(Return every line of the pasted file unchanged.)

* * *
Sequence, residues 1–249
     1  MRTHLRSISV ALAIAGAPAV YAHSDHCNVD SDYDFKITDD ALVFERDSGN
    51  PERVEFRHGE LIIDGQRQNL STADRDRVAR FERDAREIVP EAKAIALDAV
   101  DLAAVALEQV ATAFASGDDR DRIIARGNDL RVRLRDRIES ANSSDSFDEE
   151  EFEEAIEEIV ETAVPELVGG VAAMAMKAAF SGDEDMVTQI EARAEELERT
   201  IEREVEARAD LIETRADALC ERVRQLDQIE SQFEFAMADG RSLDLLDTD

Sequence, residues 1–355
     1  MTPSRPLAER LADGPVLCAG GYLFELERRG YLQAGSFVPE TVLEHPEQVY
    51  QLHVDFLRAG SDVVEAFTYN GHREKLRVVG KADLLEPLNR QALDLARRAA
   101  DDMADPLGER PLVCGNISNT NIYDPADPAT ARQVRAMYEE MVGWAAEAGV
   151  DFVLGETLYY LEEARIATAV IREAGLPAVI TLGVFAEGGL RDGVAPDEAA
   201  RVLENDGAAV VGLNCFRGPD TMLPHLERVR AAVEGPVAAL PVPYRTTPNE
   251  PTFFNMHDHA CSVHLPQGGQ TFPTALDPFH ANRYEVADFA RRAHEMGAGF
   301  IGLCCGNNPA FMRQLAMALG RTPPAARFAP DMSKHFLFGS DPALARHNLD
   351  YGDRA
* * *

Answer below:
Sequence, residues 1–249
     1  MRTHLRSISV ALAIAGAPAV YAHSDHCNVD SDYDFKITDD ALVFERDSGN
    51  PERVEFRHGE LIIDGQRQNL STADRDRVAR FERDAREIVP EAKAIALDAV
   101  DLAAVALEQV ATAFASGDDR DRIIARGNDL RVRLRDRIES ANSSDSFDEE
   151  EFEEAIEEIV ETAVPELVGG VAAMAMKAAF SGDEDMVTQI EARAEELERT
   201  IEREVEARAD LIETRADALC ERVRQLDQIE SQFEFAMADG RSLDLLDTD

Sequence, residues 1–355
     1  MTPSRPLAER LADGPVLCAG GYLFELERRG YLQAGSFVPE TVLEHPEQVY
    51  QLHVDFLRAG SDVVEAFTYN GHREKLRVVG KADLLEPLNR QALDLARRAA
   101  DDMADPLGER PLVCGNISNT NIYDPADPAT ARQVRAMYEE MVGWAAEAGV
   151  DFVLGETLYY LEEARIATAV IREAGLPAVI TLGVFAEGGL RDGVAPDEAA
   201  RVLENDGAAV VGLNCFRGPD TMLPHLERVR AAVEGPVAAL PVPYRTTPNE
   251  PTFFNMHDHA CSVHLPQGGQ TFPTALDPFH ANRYEVADFA RRAHEMGAGF
   301  IGLCCGNNPA FMRQLAMALG RTPPAARFAP DMSKHFLFGS DPALARHNLD
   351  YGDRA